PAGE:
Fear vs love. Them and us vs we. The number of Ebola cases has now exceeded 25,000 with over ten thousand deaths; about 9000 cases in Liberia with almost 4000 deaths. Liberia reported no new cases last week while the virus continues to spread in Guinea and Sierra Leone. An unprecedented crisis.
And we still are not getting it right. On March 25, 2015, a letter was sent to the Executive Producer CBS 60 Minutes signed by 150 journalists and professors “expressing grave concern about the frequent and recurring misrepresentation of the African continent by 60 Minutes.” Regarding the coverage of Ebola in Liberia, the letter states:
“In that broadcast, Africans were reduced to the role of silent victims. They constituted what might be called a scenery of misery: people whose thoughts, experiences and actions were treated as if totally without interest. Liberians were shown within easy distance of (reporter) Logan, including some Liberian she had spoken about, and yet not a single Liberian was quoted in any capacity.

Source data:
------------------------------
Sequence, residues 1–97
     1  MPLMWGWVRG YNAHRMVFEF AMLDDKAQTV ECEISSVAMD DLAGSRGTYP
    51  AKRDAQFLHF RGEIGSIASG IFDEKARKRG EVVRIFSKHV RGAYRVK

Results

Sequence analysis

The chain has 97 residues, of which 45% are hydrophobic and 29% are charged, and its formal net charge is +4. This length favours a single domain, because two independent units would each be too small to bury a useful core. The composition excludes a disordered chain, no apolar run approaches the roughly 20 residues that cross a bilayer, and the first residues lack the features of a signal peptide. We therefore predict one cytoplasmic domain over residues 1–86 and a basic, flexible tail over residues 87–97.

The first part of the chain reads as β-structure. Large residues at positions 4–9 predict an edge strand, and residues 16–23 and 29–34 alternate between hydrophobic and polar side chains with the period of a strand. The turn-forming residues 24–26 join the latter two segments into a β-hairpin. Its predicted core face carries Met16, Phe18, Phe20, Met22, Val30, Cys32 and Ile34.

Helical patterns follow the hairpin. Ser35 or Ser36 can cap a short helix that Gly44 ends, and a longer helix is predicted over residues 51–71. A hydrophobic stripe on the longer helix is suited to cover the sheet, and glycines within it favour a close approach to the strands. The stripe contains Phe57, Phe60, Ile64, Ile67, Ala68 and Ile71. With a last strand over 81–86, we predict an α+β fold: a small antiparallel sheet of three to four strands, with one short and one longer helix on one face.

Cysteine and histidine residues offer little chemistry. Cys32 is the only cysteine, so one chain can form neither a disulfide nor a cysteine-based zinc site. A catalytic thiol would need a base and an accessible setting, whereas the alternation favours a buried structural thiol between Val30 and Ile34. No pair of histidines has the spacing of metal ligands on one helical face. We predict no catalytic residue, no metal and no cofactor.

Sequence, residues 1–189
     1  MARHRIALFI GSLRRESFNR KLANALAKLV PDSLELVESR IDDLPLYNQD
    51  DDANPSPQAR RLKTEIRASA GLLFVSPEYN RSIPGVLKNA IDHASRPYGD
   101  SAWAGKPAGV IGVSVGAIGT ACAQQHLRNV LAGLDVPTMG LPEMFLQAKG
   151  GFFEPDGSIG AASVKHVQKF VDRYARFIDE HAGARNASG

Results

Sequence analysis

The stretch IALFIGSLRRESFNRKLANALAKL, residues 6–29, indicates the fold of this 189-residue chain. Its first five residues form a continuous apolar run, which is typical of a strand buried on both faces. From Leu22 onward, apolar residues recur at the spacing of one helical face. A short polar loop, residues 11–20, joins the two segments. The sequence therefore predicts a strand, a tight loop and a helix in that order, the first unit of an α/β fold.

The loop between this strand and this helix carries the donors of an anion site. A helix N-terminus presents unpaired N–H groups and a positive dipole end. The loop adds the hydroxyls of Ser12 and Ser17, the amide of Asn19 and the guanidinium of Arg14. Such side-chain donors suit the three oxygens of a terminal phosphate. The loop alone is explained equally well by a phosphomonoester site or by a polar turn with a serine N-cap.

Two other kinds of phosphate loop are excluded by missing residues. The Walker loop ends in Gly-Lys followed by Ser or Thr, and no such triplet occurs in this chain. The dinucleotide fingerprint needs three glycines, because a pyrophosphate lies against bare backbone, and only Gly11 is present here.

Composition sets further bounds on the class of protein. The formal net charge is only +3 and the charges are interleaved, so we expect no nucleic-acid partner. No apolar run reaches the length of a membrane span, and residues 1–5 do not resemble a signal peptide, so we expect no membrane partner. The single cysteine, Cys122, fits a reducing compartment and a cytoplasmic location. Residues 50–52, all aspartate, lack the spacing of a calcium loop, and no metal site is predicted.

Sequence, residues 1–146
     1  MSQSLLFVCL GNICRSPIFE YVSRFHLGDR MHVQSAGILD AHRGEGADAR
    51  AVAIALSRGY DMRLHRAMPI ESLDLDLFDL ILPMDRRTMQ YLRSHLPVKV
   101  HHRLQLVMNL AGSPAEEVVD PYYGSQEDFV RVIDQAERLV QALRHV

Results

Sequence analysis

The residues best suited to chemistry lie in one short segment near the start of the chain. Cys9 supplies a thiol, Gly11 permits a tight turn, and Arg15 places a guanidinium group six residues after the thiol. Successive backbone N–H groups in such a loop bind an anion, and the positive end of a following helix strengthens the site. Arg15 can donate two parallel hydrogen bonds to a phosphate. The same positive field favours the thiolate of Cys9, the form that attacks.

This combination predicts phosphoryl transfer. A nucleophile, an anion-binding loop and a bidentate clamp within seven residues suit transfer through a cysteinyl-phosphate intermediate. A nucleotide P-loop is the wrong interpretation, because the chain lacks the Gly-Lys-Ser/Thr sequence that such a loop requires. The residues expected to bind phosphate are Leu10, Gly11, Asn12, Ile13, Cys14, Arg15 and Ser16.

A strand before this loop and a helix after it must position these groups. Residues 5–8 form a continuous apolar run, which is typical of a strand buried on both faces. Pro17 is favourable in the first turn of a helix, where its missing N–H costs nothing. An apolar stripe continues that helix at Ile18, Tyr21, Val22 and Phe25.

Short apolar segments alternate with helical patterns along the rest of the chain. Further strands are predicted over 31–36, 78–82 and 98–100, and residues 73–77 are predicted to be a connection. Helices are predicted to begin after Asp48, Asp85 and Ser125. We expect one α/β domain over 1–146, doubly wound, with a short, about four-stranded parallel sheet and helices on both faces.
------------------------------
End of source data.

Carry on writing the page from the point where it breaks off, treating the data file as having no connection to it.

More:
Liberian not only died from Ebola, but many of them contributed bravely to the fight against the disease, including doctors, nurses and other caregivers, some of whom gave their lives in this effort. Despite this, the only people heard from on the air were white foreigners who had come to Liberia to contribute to the fight against the disease.
Taken together this anachronistic style of coverage reproduces, in condensed form, many of the worst habits of modern American journalism on the subject of Africa. To be clear, this means that Africa only warrants the public’s attention when there is disaster or human tragedy on an immense scale, when Westerners can be elevated to the role of central characters, or when it is a matter of that perennial favorite, wildlife. As a corollary, Africans themselves are typically limited to the role of passive victims, or occasionally brutal or corrupt villains and incompetents; they are not otherwise shown to have any agency or even the normal range of human thoughts and emotions. Such a skewed perspective not only disserves Africa, it also badly disserves the news viewing and news reading public.”
The documentary I am working on, Liberians for Liberia, Ebola and Beyond, will be exactly the opposite of this 60 Minutes coverage. Fellow members of our human family will share their personal stories. I am so blessed and honored to be able to introduce them to all of you.
With love and gratitude ~ Deborah